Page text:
Heat-induced pain diminishes vibrotactile perception: A touch gate

A. Vania Apkarian*, Richard A. Stea, Stanley J. Bolanowski

*Corresponding author for this work

Research output: Contribution to journalArticlepeer-review

133 Scopus citations


The gate control theory of pain (Melzack and Wall, 1965) suggests that tactile stimuli can decrease the perception of pain. We have found the reverse effect: Heat at levels that induce pain can substantially suppress tactile sensitivity, independently of shifts in attention or arousal. Ten human observers were stimulated by a tonic, pain-producing heat stimulus and vibrotactile stimuli (1, 10, and 100 Hz) coincidentally presented to the right thenar eminence. Vibrotactile thresholds were assessed with the skin at a normative temperature of 31d̀C and at higher temperatures producing pain. Increases in vibrotactile thresholds (mean change = 7.3 dB) occurred at skin temperatures just below and above those that induced pain. Furthermore, absolute-magnitude estimates of suprathreshold vibrotactile stimuli determined during the same experiments showed decreased sensitivity and psychophysical recruitment. The changes are not attributable to attentional or arousal shifts, since they were not associated with changes in auditory thresholds. Furthermore, the changes occurred just below the subjects' pain thresholds (where nociceptors are presumably activated). This over-twofold diminution of vibrotactile sensitivity suggests that heat stimuli capable of inducing pain can significantly diminish taction, perhaps through a "touch gate" in a manner similar to the gate control theory proposed for pain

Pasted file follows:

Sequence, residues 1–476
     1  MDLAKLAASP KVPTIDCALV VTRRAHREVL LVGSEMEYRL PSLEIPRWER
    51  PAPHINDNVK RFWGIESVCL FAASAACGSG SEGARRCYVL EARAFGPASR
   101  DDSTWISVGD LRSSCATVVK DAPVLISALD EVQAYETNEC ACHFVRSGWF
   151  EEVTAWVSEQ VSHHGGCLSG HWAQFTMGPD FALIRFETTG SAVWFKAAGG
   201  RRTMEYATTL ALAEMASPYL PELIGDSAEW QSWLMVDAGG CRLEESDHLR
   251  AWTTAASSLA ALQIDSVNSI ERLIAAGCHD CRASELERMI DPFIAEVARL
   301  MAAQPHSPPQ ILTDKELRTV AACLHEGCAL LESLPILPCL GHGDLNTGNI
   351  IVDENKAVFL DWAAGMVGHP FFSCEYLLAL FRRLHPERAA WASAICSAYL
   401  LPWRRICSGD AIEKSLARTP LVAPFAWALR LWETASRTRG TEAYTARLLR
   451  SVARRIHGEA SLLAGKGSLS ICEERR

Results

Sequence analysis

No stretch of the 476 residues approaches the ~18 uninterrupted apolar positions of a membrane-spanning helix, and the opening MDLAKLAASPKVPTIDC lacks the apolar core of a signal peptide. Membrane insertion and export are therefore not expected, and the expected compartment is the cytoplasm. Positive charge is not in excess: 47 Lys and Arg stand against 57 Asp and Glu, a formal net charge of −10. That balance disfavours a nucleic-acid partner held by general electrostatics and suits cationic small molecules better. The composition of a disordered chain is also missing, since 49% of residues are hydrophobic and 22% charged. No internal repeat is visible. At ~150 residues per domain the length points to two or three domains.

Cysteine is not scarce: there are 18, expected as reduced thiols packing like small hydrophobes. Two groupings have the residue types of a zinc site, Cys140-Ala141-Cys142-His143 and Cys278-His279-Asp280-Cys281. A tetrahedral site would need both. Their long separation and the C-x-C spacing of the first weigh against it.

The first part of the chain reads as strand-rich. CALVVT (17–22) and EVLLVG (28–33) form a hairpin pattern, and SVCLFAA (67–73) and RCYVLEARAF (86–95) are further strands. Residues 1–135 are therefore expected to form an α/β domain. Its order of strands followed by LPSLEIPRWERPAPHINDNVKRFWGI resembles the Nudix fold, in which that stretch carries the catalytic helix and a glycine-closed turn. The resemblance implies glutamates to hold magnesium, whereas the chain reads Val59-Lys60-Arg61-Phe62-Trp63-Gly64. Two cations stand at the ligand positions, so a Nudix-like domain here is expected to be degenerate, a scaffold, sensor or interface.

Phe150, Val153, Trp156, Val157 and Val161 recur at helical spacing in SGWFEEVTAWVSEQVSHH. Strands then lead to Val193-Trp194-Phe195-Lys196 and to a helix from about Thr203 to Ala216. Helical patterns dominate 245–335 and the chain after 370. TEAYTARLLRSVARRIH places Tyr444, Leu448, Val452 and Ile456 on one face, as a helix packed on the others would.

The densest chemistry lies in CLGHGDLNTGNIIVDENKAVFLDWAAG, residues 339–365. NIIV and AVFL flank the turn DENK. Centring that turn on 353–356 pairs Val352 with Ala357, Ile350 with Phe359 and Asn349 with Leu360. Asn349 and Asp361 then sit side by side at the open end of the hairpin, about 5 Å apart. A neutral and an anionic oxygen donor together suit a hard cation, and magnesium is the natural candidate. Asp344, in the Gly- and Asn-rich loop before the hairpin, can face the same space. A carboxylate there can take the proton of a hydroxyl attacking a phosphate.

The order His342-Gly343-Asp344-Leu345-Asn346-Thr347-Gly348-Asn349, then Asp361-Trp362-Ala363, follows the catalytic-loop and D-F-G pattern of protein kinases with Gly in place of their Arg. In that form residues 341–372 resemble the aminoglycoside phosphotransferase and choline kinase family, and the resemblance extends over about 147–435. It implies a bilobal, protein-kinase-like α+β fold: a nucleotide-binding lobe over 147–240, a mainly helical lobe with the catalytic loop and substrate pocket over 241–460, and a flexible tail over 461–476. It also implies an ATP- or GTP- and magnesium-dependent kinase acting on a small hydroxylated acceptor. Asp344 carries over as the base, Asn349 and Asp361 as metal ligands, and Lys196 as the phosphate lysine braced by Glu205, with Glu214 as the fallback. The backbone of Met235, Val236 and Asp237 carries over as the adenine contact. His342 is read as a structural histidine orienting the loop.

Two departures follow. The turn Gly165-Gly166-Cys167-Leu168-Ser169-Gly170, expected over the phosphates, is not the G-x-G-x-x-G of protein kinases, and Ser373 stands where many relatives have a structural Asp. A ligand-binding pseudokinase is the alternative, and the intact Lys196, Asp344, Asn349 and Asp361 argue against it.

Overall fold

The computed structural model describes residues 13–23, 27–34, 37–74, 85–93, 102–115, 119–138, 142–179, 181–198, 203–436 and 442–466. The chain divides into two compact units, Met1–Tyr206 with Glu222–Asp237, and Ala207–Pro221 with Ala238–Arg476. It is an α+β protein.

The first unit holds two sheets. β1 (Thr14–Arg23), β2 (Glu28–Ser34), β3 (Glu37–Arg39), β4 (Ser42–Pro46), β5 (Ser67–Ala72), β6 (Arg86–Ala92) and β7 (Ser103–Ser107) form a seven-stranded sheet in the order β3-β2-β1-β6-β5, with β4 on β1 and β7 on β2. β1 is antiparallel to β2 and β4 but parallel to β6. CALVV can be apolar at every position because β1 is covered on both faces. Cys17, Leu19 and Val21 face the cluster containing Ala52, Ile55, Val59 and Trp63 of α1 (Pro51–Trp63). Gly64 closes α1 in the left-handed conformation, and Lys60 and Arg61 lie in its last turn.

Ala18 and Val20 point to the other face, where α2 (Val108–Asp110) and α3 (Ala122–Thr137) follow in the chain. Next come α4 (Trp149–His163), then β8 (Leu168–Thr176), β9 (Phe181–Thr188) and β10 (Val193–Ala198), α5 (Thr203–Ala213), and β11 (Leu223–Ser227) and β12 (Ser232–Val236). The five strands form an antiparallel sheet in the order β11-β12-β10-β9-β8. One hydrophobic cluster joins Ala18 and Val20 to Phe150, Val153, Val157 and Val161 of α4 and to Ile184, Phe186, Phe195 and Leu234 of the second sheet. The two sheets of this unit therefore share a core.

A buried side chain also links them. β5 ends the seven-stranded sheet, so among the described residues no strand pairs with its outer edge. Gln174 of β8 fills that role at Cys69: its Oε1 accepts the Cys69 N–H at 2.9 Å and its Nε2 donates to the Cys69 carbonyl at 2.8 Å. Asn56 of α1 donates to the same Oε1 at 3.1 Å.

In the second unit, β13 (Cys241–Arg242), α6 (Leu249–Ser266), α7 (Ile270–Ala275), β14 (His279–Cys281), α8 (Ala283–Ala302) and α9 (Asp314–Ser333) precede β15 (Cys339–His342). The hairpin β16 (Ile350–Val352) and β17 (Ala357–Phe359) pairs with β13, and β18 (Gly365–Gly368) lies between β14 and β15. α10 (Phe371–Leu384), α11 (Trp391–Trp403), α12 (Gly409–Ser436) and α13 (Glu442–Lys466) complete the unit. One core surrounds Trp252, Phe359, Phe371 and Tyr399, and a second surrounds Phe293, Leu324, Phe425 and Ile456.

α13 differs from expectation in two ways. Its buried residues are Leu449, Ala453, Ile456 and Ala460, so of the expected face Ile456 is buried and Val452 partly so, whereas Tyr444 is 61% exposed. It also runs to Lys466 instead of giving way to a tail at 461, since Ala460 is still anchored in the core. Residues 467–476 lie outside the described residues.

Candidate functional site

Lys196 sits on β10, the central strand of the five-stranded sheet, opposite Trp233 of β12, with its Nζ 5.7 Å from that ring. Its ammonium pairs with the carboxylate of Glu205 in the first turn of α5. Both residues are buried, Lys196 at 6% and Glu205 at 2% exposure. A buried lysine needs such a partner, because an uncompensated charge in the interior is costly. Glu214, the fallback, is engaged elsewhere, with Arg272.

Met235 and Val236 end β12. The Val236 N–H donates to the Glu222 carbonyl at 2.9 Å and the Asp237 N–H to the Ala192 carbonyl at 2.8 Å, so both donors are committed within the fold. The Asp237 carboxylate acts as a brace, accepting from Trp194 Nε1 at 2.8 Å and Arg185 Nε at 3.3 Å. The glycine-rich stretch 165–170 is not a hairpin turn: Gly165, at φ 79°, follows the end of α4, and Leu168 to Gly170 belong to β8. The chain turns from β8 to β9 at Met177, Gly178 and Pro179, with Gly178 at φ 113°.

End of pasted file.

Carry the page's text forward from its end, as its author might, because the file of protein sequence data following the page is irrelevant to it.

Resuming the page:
Original languageEnglish (US)
Pages (from-to)259-267
Number of pages9
JournalSomatosensory & Motor Research
Issue number3
StatePublished - 1994


  • Magnitude estimation
  • Pain
  • Tactile psychophysics
  • Vibrotactile thresholds

ASJC Scopus subject areas

  • Physiology
  • Sensory Systems

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